Johnson County Community College

Sculptures Bring Awareness to Environment

Winning sculptures created by recycled and reused materials.

When Edward Tajchman rolled out his sculpture from the Arts and Technology Building, people paused. They gawked. What they did next surprised its creator.

“As soon as we wheeled it out, people started smiling. I didn’t expect that at all,” he said.

Tajchman is one of five Sculpture II students at Johnson County Community College whose designs were accepted for the third student sustainability sculpture installation. The sculptures are intended to reflect sustainability issues.

Leading a conversation

In partnership with the Center for Sustainability and the fine arts department at JCCC, the program invites artists to submit drawings or models of their ideas.

A committee chooses five to fund to their completion. Money comes from the Sustainability Initiatives Fund to which all JCCC students contribute $1 per credit hour.

This year’s pieces are all made from recycled materials. Metal, plastic, paper and glass that normally might have ended up as campus waste is now a work of art.

Jay Antle, director of the Center for Sustainability, said the artworks create “a conversation through the arts” about sustainability. Lectures, articles and events can spread the word, but they run the risk of sounding too serious and preachy, he said.

“Integrating the arts, and the performing arts, is a way of expanding that conversation,” he said. “It’s fun, but beyond that, it allows us to talk about sustainability issues in a different way.”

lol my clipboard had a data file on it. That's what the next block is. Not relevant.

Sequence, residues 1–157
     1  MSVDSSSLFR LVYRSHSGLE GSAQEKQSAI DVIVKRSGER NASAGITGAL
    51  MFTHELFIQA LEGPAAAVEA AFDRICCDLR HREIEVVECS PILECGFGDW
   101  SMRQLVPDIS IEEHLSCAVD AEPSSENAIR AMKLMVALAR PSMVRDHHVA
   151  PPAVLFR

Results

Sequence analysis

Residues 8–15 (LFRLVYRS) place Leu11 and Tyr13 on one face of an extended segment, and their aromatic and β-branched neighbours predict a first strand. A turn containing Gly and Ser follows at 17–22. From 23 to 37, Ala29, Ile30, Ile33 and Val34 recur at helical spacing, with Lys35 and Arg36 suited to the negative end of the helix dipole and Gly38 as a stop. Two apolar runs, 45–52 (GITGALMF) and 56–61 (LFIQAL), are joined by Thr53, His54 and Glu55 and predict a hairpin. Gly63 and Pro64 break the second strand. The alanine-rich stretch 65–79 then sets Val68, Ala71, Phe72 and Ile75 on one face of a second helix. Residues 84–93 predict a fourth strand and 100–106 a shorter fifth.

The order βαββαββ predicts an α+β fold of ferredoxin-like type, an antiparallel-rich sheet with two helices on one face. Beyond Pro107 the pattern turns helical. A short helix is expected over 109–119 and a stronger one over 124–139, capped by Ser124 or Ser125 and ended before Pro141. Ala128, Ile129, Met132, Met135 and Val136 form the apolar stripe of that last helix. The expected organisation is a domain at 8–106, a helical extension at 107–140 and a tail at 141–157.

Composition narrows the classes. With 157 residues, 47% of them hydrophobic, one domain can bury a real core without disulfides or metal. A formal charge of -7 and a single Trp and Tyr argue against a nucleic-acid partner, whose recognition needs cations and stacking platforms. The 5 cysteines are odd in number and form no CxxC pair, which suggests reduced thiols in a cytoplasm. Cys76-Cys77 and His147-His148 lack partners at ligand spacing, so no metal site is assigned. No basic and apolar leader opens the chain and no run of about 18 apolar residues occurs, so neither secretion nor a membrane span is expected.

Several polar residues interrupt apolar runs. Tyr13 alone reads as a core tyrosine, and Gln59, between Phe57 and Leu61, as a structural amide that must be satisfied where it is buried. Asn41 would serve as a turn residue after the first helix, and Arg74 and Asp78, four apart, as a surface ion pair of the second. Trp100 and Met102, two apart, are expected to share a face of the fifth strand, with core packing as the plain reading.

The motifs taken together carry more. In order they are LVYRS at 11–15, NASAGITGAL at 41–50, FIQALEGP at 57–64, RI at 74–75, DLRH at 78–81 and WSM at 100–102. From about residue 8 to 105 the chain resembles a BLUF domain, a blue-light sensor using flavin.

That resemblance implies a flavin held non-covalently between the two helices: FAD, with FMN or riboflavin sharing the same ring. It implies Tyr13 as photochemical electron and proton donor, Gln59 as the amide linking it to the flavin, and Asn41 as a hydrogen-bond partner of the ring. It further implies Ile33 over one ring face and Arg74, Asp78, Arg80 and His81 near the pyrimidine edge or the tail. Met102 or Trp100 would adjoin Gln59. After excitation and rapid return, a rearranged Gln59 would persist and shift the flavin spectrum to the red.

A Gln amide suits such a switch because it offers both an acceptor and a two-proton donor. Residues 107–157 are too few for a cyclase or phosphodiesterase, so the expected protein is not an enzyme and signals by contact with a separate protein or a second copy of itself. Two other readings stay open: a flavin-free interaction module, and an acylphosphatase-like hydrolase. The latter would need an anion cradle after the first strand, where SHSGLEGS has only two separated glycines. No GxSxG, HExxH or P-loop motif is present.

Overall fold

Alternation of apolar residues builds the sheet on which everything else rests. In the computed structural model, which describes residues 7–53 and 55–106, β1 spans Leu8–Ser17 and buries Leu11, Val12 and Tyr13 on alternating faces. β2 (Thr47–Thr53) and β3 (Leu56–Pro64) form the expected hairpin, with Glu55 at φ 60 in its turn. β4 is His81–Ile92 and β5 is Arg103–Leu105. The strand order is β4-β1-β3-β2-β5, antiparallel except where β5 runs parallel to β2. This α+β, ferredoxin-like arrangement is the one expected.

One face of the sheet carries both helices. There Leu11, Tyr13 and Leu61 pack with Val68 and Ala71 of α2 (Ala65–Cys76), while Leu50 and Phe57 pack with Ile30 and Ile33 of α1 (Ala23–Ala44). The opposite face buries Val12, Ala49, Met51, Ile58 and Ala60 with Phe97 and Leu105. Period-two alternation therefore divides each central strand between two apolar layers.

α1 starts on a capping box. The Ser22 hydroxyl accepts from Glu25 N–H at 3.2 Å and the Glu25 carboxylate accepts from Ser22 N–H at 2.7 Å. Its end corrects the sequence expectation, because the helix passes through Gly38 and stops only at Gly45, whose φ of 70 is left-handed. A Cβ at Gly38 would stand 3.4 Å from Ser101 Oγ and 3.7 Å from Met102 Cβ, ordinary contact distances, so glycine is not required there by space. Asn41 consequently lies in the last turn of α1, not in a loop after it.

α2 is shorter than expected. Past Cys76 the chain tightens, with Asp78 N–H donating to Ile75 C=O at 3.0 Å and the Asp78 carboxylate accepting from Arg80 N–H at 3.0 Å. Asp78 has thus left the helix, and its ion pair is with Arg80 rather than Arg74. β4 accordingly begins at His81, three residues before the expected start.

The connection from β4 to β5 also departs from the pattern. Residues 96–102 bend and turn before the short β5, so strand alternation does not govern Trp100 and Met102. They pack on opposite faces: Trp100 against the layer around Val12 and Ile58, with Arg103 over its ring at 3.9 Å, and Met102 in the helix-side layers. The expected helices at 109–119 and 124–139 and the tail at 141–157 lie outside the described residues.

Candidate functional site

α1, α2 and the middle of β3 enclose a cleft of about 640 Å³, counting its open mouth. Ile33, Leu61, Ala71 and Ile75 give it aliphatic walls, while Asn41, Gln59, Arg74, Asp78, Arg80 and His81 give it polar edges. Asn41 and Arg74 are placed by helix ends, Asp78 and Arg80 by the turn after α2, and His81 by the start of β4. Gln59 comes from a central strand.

Inspiration from garbage

Tajchman said he got the idea for his sculpture from listening to National Public Radio. “It was a story on the Pacific Ocean garbage patch, where trash just collects in this one area of the ocean.”

He heard about how the plastic in that enormous pile is, according to NPR, “pulverized by ocean waves, and then eaten by ocean creatures that larger fish eat.” The plastic is having a far-reaching effect on the ocean’s food chain, which includes humans at the top.

To create the sculpture, Tajchman used leftover steel to weld the body of a large fish, and then he added ferocious-looking teeth in its open mouth. “It looks just prehistoric,” the artist said.

He lucked out when a classmate decided he didn’t need a plastic sign thrown out by the Tsunami Sushi outlet on the JCCC campus. “I like the word ‘tsunami’ and the ties to the ocean,” Tajchman said. Then there’s the irony of using a plastic sushi sign to create a fish sculpture inspired by the Great Pacific Garbage Patch…

Where to find the winners

Sculptures this year include:

  • “Five Mast Viewing Device” by Alex Anderson. Located on the east side of the campus farm.
  • “Economy” by Laura Averill. Located on the south side of the Regnier Center.
  • “Ply Alive” by Kyle Kemper. Located in the outdoor stairwell between GEB and Commons.
  •  “Choices” by Megan Strohl. Located on the hill behind the CSB to the north.
  •  “ZooPlastic Angler” by Edward Tajchman. Located between the LIB and OCB.
Sculptures from previous years are still on campus, too. “Used Woman” by Amy Enochs sits in the Commons Courtyard (the form holding the mirror), and “Squandering Titans._._.” is affixed to the northwest side of the Parking Garage at Galileo Gardens (the letters S-T-O-P filled with discarded paper).